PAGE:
Turnball, Texas is cotton country. A place where a mythical cottonwood tree stands watch over rows of endless cotton, it's branches a refuge for a young boy to play and for tortured men to die. Under that tree, Willie watches a tornado fall from a Godless sky. Lightning strikes five-year-old Willie that day searing his flesh with such intensity, a boy once called white-trash is now grossly-disfigured and black. While in the Negro hospital, Willie's family is brutally slain. His father survives for a day, his last words being, "The cottonwood knows the truth. The truth lies in the cottonwood." Those words will haunt Willie forever. But the lightning did not just take away it left something as well. Something amazing.
Evil men want Willie dead. Orphaned and hunted, he finds refuge in the shanty of a black sharecropper, Elroy Johnson. Eight children and the delightful, Mama Lettie, occupy a rotten two-room shack. Boundless love transcends long, hard days of shanty life. Mama Lettie, a substantial woman, is the epidemy of love and warmth, the essence of her spirit sprinkled into every dish she makes. Lettie helps him not only look black, but become black—-loving him as her own.
Beneath the cotton, oil is found in Turnball County. KKK Grand leaders, J.B. Stillwater, and his son, Little John, own Turnball County: the cotton gin, the judge, the sheriff—-everything. When a reporter comes to town asking probing questions, Willie's secret life begins to unravel. Elroy barely survives a violent lynching, his only recourse to sue Mr. Stillwater in a courthouse devoid of justice for a man like Elroy. The jury is selected. The KKK search for Mama Lettie and the children. Nooses are tied. The jury files in. The clock ticks loudly.
Subjugation and segregation. The two s's of Turnball. Two water fountains, two diner counters, two schools. It seems appropriate that two days before a verdict is expected in the courthouse the annual Black vs. White football game is to be played. Six-man football gives each player a chance to carry the ball, pass the ball, score a touchdown; therefore, each man creates his own destiny. The shy, deformed, Willie begins to understand his suffering, his family's slaughter, his blackness. As the smoke clears his destiny becomes certain.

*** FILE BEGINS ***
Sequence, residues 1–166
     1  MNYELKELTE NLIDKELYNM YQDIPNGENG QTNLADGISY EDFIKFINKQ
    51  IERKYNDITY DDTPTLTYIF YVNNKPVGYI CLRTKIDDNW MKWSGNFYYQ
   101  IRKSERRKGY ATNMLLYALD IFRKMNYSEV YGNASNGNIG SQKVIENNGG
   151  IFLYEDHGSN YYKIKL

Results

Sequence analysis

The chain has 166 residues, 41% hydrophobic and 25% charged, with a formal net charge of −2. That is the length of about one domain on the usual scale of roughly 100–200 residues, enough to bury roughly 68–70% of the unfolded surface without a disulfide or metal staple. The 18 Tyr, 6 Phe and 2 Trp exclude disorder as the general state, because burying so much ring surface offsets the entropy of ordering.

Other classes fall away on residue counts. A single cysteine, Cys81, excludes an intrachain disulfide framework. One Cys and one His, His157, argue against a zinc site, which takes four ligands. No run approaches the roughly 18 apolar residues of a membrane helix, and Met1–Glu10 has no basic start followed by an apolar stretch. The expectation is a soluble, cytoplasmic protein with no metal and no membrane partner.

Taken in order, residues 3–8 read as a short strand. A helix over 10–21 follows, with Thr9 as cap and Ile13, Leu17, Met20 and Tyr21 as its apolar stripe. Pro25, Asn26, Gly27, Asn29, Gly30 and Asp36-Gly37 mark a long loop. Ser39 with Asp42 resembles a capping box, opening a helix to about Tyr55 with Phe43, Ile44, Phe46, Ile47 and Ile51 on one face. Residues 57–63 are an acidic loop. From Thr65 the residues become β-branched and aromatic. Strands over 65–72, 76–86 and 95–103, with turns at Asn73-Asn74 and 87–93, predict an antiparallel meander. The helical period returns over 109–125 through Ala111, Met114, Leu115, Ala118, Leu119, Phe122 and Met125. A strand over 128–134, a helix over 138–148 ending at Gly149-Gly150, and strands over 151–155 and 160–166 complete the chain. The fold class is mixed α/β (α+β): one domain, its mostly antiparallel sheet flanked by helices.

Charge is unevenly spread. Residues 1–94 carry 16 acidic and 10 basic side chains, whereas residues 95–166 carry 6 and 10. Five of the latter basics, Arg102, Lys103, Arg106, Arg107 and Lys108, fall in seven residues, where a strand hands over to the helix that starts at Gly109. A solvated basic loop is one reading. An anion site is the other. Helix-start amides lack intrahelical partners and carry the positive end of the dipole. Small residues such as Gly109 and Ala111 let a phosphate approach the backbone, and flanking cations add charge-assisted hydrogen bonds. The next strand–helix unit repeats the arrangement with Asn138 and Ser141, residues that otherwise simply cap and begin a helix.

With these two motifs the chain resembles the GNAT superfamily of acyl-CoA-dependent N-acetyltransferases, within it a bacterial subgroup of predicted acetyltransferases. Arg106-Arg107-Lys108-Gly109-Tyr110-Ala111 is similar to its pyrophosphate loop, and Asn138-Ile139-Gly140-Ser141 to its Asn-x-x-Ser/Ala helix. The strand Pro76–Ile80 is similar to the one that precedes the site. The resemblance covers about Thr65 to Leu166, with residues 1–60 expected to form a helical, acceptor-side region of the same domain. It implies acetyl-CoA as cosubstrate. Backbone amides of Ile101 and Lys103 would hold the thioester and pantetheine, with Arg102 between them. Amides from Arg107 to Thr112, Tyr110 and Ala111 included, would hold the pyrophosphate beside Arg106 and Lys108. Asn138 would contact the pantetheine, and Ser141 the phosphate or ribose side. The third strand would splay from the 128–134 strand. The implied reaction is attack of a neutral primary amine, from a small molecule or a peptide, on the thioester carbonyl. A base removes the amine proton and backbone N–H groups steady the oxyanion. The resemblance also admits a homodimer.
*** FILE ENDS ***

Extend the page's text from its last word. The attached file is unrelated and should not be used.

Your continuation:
Two teams battle, men die, and lighting reignites what it left behind years ago. For when lighting struck Willie Adams a supernatural exchange occurred turning him into Lighting Boy. A storm rolls in. Power is lost. The stadium goes black and out of the darkness Willie's body glows as if a million fireflies are hovering around him. With seconds remaining, the black spectators, herded into the end zones like cattle, begin chanting Lightning Boy, Lightning Boy. His unearthly speed propels him forward and his team to victory. Lighting Boy ironically becomes the instrument of change a subjugated people, a bigoted town have been waiting for.
Back in the courtroom, justice, in the hands of an all-white jury, is a farce. The game, the trial, the lightning all collide on a November morning when a jury delivers Mr. Stillwater the verdict he bought. On the steps of the courthouse redemption appears out of the fog of persecution. From that fog a monster becomes a hero and a boy becomes a man.
When Lightning Comes is told through the voices of Willie Adams, Elroy Johnson, Melba Jackson, Howard Briggs, and J.B. Stillwater. The different voices provide texture and depth to a cast of vivid characters readers will come to know, love, hate, and feel. The reader will learn about six-man football—-a game with a rich and colorful past in our country. A game almost forgotten. The author did...
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